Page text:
With all the talk of up and coming emcees, I decided to throw in a couple pennies and let you know what I think. When reading this, I’m sure some Stans will get all worked up and dish me some hate; try to keep in mind that this entire post is my opinion only. I do not consider myself a professional critic by any means, so take it how you want. Here’s how I’ll break it down:
Delivery: For me, this is probably the most important category. Most of the time, I care more about how an emcee sounds than about what he/she is saying. Inflection, flow, tone, rhyme scheme, and voice all come in to play.
Lyrics: Whether it be some deep shit that makes you sit back and scratch your head, or some mean one-liners that make you crack a smile. If an artist can capture some shit that you’ve been thinking, or think of some shit that you wish you could have, then the lyrics are on point.
Beats: It’s impressive when emcees are also producers, but almost just as good when an artist has an ear for picking out beats that mesh with their style. It’s important to know what you sound good over, and what clashes.
Image: My least favorite category, but it’s part of the game. People want to listen to someone that they can either relate to, or that they wish they could be like. If you have no image, you’re going to blend in with the crowd. This is that “it” factor that you always hear about.
Consistency: Anyone can stumble upon a hit. Few can recreate that magic. Even fewer can come correctly time after time.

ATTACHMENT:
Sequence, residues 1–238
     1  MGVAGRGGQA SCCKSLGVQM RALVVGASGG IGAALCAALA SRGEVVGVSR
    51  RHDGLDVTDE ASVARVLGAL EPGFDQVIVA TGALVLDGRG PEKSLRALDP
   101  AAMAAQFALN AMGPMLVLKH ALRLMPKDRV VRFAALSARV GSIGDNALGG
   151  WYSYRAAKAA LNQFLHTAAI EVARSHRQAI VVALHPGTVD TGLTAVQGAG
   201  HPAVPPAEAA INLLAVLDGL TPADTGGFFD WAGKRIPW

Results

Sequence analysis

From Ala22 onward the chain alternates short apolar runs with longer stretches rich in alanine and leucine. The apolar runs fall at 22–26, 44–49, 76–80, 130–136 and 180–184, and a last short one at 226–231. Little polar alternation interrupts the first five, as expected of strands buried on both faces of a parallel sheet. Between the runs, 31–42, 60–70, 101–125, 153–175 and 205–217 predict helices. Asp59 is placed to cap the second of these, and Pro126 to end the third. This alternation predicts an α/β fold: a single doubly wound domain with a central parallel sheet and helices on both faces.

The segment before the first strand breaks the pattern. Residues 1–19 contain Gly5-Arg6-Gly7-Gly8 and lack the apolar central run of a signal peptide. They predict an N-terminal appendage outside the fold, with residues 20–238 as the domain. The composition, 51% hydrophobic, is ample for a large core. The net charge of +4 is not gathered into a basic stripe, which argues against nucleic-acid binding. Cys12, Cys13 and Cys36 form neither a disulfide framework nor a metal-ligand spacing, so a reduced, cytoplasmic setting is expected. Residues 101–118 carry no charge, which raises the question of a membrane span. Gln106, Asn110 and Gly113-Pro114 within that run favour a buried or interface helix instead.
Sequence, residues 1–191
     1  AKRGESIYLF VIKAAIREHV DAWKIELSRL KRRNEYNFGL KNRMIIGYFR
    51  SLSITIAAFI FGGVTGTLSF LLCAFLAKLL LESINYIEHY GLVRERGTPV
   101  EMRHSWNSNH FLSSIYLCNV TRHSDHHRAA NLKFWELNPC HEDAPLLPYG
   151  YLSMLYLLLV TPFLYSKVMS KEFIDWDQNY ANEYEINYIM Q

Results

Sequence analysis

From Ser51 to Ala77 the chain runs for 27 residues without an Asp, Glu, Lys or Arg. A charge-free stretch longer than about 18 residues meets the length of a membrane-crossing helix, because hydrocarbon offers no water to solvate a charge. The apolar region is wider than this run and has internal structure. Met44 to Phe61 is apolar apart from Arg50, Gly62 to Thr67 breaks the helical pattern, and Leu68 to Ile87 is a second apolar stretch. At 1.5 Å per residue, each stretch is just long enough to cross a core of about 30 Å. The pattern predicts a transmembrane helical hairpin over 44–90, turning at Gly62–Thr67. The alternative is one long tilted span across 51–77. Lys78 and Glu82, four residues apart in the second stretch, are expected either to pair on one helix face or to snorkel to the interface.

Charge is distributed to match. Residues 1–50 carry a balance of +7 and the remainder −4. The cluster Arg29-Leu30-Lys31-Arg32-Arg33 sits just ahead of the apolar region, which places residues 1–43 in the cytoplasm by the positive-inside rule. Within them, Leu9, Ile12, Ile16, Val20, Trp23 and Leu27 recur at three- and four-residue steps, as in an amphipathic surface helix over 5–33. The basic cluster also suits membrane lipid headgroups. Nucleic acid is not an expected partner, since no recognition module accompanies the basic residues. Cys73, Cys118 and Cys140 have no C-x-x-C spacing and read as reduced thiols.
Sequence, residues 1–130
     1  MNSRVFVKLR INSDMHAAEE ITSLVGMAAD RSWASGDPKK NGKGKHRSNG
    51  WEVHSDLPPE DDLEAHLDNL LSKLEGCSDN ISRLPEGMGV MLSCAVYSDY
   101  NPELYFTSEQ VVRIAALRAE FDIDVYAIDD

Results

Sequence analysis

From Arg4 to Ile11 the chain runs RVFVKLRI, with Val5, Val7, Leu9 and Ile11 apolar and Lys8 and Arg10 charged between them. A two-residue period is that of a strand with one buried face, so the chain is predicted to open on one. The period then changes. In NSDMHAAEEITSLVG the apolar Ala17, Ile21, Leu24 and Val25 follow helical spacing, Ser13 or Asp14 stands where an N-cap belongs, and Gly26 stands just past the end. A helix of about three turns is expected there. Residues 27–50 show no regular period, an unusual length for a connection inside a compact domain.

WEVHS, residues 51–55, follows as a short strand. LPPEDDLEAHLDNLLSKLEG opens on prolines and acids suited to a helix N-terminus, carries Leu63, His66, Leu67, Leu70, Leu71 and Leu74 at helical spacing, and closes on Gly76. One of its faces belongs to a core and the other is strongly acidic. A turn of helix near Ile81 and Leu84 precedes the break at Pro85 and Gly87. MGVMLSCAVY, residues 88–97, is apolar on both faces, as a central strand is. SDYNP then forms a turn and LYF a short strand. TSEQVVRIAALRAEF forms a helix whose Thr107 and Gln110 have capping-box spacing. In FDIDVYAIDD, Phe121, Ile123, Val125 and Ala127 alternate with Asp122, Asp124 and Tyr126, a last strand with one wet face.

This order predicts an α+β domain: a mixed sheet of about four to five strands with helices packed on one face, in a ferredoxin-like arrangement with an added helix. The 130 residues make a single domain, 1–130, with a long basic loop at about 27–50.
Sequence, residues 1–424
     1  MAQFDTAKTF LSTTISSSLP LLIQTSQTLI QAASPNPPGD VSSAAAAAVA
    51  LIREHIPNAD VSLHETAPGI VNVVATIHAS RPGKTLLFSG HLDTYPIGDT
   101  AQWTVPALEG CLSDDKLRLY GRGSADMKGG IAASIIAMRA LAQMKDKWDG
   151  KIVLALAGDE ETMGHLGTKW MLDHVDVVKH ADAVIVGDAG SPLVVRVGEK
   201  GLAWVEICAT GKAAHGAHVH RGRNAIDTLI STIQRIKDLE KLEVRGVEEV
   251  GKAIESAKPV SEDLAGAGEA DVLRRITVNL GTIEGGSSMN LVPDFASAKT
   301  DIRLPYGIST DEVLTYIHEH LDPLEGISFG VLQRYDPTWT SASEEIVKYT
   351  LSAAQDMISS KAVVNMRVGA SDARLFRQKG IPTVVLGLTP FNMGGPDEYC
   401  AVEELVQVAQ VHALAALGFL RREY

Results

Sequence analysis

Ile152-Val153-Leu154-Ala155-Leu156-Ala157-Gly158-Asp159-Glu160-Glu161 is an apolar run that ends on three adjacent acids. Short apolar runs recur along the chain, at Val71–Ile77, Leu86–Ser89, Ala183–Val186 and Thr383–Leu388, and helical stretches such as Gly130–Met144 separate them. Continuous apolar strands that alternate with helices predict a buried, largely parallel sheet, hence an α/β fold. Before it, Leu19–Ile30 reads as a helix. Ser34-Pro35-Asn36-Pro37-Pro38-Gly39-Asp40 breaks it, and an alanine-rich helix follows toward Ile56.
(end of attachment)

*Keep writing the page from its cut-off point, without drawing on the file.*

Here we go. Click on the “CONTINUE READING” button on the bottom right under the pics.
High energy, loads of inflection, and a great sense of timing. Wale has that adrenaline injected type of flow that can tear shit up during live performances and make your heart beat a little faster.
Wale sprinkles his lyrics with some good punchlines, and he showed on the ironically titled A Mixtape About Nothing that he can touch on some serious subjects and stick to the topic. Too often, however, Wale just boasts about various unrelated things for 3 minutes.
He’s got a knack for picking the bangers, and those go-go inspired beats give the music that sound unique to him. I don’t think 9th Wonder was the right choice for his last mixtape, but other than that, he’s made great production decisions.
He’s down with the in crowd, he’s always got the newest gear, his shoe game is flawless, and he’s got DC behind him. All good, but if you follow him on Twitter you know he can be pretty obnoxious.
A Mixtape About Nothing was great from start to finish. Back To The Feature is spotty. I’m loving his new joints that may/may not be on the album. I know if I see a new Wale track there’s a very good chance I’ll dig it.
Wale – Pretty Girls
I know people are going to disagree with this, because Cudder doesn’t have that high speed, lyrical prowess that hip-hop purists drool over. But his laid back, half-singing flow is so unique and so clearly spoken, that for me his verses become more catchy than most rappers choruses.
KiD CuDi comes across as a real dude. He isn’t afraid to be a little vulnerable, but at the same time, he’s too cool to be picked on. Very relatable, and good word choice makes you able to listen to songs about being an outcast without feeling like a loser. Just a little too simple to get a 9 or 10.